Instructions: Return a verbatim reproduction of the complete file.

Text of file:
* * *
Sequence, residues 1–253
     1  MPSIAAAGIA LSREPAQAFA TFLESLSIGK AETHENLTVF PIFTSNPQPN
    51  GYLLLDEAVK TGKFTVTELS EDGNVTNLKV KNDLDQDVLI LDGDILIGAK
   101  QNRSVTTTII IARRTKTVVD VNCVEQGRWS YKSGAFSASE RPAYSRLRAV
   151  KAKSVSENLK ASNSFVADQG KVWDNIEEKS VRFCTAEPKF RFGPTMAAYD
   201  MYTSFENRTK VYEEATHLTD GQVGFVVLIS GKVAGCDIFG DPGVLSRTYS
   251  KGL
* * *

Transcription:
Sequence, residues 1–253
     1  MPSIAAAGIA LSREPAQAFA TFLESLSIGK AETHENLTVF PIFTSNPQPN
    51  GYLLLDEAVK TGKFTVTELS EDGNVTNLKV KNDLDQDVLI LDGDILIGAK
   101  QNRSVTTTII IARRTKTVVD VNCVEQGRWS YKSGAFSASE RPAYSRLRAV
   151  KAKSVSENLK ASNSFVADQG KVWDNIEEKS VRFCTAEPKF RFGPTMAAYD
   201  MYTSFENRTK VYEEATHLTD GQVGFVVLIS GKVAGCDIFG DPGVLSRTYS
   251  KGL